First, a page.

Modernizing Unemployment Compensation

The goal of the Unemployment Compensation Modernization provision is to provide temporary help to as many people as possible, so that families get through this tough time with the additional resources they need to pay the bills and meet basic household expenses. And millions of Americans are already getting good strong support from their states as a result of this provision, which President Obama signed into law just weeks ago as part of the American Reinvestment and Recovery Act of 2009 (ARRA).

The provision gives money to states in three ways, first, all fifty states automatically receive funds from a $500 million allocation to help with administrative expenses related to unemployment insurance programs; second, states that account for workers’ most recent wages and hours in considering eligibility receive additional funding. Third, states that enact at least two of the following reforms: allow out-of-work Americans seeking only part-time work to collect unemployment compensation; make eligible those workers who have left their jobs due to the illness or disability of an immediate family member, the relocation of a spouse for employment, or related to incidents of domestic violence; provide training benefits to unemployed workers for re-entry to the workforce; and opt to pay unemployed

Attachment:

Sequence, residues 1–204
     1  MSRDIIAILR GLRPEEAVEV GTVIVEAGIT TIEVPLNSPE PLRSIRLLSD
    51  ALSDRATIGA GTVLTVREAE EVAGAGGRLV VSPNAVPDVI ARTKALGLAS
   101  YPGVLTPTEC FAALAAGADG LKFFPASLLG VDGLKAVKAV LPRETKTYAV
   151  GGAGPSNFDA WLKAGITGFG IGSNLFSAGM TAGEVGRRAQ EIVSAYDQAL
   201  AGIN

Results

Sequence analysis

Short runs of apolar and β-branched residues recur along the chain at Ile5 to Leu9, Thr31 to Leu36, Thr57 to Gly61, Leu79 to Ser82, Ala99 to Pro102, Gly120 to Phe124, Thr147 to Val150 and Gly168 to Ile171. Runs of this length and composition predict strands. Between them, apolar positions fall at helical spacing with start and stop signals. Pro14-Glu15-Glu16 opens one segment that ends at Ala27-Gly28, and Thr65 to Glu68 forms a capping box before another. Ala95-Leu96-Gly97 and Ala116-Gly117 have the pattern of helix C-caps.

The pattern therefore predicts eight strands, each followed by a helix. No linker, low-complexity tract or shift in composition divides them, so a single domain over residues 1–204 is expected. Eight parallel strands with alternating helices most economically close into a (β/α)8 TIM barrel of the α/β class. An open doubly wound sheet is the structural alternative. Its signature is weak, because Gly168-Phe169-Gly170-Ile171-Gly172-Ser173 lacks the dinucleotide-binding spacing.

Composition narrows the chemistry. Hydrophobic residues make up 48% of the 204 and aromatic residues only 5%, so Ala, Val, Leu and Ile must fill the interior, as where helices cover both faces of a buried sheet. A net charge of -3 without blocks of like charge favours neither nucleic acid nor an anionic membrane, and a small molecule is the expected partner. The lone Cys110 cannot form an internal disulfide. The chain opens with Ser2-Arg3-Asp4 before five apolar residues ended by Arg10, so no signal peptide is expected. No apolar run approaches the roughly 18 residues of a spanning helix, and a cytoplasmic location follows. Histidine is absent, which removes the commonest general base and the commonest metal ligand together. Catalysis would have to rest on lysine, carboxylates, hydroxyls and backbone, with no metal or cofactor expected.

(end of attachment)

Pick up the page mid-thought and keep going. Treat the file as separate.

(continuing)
workers an extra $15 per week for each of their household dependents.

These reforms were supported by a bipartisan commission of the Department of Labor and were designed to accelerate economic growth and stabilization. States have total flexibility in determining the start date of reforms to their unemployment insurance programs, as well as the duration of the reforms. For instance, some states may choose to amend state law to accommodate reforms beginning in 2010. Those states would still receive assistance in 2009 as long as the changes to the system are scheduled to take effect within 12 months. Plus, states and employers – in addition to jobless workers struggling in this recession – benefit from expanded unemployment insurance coverage because additional federal funding of state unemployment trust funds helps to bolster state reserves, allowing governments to avoid raising taxes on employers.

Unfortunately, some governors have indicated that they may not track wages and hours or enact reforms to qualify for the additional available funds for their people and their state economies. Indeed, this provision is optional to states, but it is meant for the growing numbers of jobless Americans at a time when they need it most, and when they might not otherwise be eligible to receive assistance.

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